<TextBlock Grid.Row="2" Grid.Column="1" x:Name="tbIsCellularDataEnabled" HorizontalAlignment="Center" Foreground="Black"/>
            <Button Grid.Row="6" x:Name="btnChangeNetworkSettings" Content="Change Network Settings" Click="btnChangeNetworkSettings_Click"/>

    The preceding XAML code creates a simple user interface that looks like the following screenshot.

    The UI is broken up into four parts. At the top of the screen we display all available network interfaces. This data is retrieved from the NetworkInterfaceList collection. It is loaded when the app starts and whenever an NetworkAvailabilityChanged event is received by the app. The next section of the screen will display information about any NetworkAvailabilityChanged events that are received by the app. The next part of the screen displays the overall status of the network abilities of the device. Finally, a button is placed at the bottom of the screen to launch the ConnectionSettingsTask in order to change network settings manually and cause NetworkAvailabilityChanged events to be fired. The code that drives this UI is described in the following sections.

Registering for network availability changes

In order to detect changes to network availability, the app registers for the NetworkAvailabilityChanged event.

To register for network availability changes

  1. Open the code-behind file for your MainPage and add the following using directives to the top of the page.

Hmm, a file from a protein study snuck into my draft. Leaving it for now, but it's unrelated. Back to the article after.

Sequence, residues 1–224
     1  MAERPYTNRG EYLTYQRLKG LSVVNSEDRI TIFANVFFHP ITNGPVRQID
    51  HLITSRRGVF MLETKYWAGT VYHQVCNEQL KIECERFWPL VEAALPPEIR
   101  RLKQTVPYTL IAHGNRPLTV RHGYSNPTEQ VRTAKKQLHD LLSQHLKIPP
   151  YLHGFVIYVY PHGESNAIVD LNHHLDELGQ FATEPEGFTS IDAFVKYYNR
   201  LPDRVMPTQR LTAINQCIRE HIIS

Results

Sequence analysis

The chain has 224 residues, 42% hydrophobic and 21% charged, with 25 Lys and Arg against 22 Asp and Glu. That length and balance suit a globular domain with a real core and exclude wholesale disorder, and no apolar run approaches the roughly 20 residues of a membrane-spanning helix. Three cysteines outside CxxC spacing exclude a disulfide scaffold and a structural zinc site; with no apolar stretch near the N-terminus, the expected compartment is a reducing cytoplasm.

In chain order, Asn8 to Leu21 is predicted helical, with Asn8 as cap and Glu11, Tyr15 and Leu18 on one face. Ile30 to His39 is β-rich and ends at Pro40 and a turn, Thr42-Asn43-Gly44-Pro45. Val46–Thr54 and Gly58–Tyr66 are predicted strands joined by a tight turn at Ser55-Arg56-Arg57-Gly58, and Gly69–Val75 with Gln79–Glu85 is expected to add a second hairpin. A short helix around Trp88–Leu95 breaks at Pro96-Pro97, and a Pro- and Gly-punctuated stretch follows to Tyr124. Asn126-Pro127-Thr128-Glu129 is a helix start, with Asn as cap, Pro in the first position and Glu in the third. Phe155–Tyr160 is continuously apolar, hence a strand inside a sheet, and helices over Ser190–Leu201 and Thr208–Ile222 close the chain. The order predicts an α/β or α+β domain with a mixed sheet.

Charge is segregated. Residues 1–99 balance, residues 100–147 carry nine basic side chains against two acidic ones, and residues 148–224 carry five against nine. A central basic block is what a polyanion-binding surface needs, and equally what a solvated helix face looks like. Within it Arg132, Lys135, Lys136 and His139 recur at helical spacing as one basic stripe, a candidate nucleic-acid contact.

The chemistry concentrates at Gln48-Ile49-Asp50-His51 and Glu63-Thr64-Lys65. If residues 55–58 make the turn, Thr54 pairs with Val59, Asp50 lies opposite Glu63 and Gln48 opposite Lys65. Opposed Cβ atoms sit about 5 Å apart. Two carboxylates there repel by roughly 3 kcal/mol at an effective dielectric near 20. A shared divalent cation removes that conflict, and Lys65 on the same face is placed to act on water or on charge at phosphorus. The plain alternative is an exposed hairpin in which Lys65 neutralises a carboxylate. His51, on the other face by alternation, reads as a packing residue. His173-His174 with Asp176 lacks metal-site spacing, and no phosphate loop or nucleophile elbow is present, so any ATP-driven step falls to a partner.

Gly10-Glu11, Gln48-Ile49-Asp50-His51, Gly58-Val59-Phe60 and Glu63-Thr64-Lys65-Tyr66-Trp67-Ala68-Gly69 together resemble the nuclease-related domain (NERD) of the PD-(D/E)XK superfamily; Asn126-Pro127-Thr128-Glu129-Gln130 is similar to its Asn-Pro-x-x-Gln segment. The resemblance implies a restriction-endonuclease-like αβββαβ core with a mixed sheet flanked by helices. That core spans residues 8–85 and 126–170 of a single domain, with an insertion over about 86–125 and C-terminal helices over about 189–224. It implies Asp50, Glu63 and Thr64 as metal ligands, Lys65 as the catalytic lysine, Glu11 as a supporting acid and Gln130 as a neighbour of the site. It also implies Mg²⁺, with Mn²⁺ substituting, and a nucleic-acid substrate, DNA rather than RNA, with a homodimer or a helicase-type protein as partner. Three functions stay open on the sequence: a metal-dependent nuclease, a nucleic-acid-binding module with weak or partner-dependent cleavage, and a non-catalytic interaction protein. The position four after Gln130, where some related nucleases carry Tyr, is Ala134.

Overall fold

using System.Collections.ObjectModel;
    using Microsoft.Phone.Net.NetworkInformation;
    using Microsoft.Phone.Tasks;
  2. Add the following variable declarations to the top of the MainPage class.

    // List of all changes detected while the app is running.
    public ObservableCollection<string> Changes { get; set; }
    // List of all currently available network interfaces
    public ObservableCollection<string> NetworkInterfaces { get; set; }
  3. Replace the MainPage constructor in the code-behind class with the following code. This method initializes the page, binds the UI to the lists declared in the preceding step and subscribes to the NetworkAvailabilityChanged event. The callback method for this event is defined as ChangeDetected and this will be described in a subsequent step. Finally, it calls two methods to initialize the Network Interfaces and Networking Status areas of the UI. These methods are defined in steps that follow. We have now registered for network availability changes. The next section describes how to interpret the detected changes.